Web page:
Rimsevics: We noticed that we cannot just deliver the message inside the country and that would be sufficient. We realized that we had to travel, we had to meet the people when we saw absolutely unfair allegations and criminal rumors from people who just simply were there to make money by spreading the rumors which have nothing to do with the current financial situation.
IDD: Has Lehman Brothers’ failure had an impact on Latvia?
Rimsevics: None at all.
IDD: Bear Stearns?
Rimsevics: The same thing. You have to remember when you look at these banks going down we have very mixed feelings. Bear Stearns was attacking Icelandic Krona and when you are in the position of a central bank you take it personally.
IDD: When you say Bear Stearns was attacking, you mean they were speculating against it?
Rimsevics: They were speculating and selling short. They wanted to make money.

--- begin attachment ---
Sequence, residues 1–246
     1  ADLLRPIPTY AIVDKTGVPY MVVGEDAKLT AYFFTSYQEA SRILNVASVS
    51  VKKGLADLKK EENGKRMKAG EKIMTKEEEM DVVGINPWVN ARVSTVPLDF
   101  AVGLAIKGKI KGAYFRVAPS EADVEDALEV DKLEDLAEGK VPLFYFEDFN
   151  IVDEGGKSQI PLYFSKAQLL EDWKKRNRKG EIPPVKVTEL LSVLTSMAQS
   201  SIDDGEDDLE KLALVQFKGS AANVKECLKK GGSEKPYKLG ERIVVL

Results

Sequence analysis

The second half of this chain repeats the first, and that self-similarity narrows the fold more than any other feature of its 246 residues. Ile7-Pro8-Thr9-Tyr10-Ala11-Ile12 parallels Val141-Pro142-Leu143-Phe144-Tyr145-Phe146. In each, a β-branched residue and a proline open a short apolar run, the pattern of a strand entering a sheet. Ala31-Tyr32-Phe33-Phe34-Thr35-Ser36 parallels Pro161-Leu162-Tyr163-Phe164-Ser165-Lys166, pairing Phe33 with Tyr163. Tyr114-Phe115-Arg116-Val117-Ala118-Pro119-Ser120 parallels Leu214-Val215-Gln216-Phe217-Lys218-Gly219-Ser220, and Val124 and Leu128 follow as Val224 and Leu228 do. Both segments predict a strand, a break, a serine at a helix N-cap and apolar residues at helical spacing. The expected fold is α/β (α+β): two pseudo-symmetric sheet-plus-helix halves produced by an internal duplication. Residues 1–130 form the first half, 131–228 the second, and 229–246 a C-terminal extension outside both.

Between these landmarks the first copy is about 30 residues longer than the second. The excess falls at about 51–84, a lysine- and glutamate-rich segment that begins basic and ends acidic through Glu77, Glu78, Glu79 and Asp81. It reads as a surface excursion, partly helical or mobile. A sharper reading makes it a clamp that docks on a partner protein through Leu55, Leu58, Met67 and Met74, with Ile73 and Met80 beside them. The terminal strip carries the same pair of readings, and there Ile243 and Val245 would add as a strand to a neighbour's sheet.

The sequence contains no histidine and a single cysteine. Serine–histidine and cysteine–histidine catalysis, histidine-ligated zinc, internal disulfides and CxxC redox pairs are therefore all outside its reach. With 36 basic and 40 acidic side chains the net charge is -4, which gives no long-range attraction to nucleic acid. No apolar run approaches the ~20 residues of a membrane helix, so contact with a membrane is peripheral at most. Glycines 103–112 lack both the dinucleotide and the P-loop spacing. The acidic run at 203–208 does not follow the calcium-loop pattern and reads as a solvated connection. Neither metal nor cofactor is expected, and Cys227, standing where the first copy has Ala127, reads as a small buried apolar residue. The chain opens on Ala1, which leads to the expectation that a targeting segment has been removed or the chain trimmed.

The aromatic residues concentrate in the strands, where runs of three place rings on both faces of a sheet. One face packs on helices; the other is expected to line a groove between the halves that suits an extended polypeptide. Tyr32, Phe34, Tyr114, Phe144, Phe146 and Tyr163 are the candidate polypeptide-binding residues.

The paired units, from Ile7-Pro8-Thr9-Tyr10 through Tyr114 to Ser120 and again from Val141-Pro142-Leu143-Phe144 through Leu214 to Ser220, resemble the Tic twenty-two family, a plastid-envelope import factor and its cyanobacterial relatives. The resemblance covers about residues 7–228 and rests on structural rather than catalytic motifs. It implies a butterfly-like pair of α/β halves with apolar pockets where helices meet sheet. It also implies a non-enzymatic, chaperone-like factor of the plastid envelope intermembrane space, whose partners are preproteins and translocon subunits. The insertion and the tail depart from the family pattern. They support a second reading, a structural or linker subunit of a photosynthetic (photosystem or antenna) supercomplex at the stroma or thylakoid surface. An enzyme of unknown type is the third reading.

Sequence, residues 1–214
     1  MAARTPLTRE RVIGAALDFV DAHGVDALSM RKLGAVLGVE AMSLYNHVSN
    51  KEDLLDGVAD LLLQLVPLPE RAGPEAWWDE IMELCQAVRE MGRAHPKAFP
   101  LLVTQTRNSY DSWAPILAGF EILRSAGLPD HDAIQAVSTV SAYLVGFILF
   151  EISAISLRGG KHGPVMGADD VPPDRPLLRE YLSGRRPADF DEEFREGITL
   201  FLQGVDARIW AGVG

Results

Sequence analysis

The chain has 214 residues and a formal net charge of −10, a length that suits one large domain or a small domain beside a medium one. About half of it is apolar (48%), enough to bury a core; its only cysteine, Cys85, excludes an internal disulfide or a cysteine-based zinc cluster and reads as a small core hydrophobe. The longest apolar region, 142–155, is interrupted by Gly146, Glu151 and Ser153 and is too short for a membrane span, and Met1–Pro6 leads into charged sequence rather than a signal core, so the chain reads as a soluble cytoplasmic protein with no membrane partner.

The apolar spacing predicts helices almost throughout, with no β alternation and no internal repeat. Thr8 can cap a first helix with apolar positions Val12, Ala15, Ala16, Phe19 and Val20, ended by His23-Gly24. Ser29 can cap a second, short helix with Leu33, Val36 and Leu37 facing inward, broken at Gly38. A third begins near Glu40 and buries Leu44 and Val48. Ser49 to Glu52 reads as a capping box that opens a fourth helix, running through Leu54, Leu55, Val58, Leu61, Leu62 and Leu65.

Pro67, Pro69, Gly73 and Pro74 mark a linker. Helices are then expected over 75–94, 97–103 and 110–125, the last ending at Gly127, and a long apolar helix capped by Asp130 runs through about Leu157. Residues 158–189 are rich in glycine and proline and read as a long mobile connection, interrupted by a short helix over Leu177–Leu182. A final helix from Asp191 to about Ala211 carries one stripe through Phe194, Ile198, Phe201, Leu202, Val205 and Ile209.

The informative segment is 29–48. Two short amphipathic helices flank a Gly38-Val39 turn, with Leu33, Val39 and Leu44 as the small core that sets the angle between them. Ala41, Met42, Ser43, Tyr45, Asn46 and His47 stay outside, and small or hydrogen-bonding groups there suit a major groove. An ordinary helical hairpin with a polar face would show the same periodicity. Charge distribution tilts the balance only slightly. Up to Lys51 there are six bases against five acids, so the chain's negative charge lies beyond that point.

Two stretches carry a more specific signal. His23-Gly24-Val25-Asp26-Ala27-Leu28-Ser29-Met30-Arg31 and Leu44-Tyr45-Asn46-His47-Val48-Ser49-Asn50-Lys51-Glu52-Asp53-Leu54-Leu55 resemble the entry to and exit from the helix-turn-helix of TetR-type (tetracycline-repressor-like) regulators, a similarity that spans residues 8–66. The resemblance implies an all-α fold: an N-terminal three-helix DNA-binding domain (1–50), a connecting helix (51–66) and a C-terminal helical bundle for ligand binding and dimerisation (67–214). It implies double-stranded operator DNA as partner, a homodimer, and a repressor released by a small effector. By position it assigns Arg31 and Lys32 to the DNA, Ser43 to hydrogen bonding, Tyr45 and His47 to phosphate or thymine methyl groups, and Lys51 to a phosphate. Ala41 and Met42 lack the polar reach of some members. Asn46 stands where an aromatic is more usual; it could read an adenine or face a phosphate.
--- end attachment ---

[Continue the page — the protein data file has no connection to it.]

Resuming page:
IDD: Lehman too?
Rimsevics: I suppose so. Some of these banks were very much into making money on somebody else’s backs.
IDD: How did Bear exactly do it? Did they short the government debt or the currency?
Rimsevics: The currency. Spreading rumors and reports that this country and this currency will go under and so on. Therefore you understand I don’t have any sympathy for them. Sorry.
IDD: Do you think your feeling is echoed by other central bankers?
Rimsevics: I think somewhere deep in their hearts, yes.
(c) 2008 Investment Dealers’ Digest and SourceMedia, Inc.